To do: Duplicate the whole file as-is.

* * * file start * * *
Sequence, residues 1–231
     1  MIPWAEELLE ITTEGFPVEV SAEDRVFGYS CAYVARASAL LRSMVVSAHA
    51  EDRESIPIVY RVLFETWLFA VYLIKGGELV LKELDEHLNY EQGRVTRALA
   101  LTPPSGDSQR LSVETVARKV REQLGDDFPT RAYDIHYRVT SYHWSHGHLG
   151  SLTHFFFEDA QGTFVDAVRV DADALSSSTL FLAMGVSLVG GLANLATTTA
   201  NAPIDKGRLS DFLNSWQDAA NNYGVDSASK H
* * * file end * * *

Sequence, residues 1–231
     1  MIPWAEELLE ITTEGFPVEV SAEDRVFGYS CAYVARASAL LRSMVVSAHA
    51  EDRESIPIVY RVLFETWLFA VYLIKGGELV LKELDEHLNY EQGRVTRALA
   101  LTPPSGDSQR LSVETVARKV REQLGDDFPT RAYDIHYRVT SYHWSHGHLG
   151  SLTHFFFEDA QGTFVDAVRV DADALSSSTL FLAMGVSLVG GLANLATTTA
   201  NAPIDKGRLS DFLNSWQDAA NNYGVDSASK H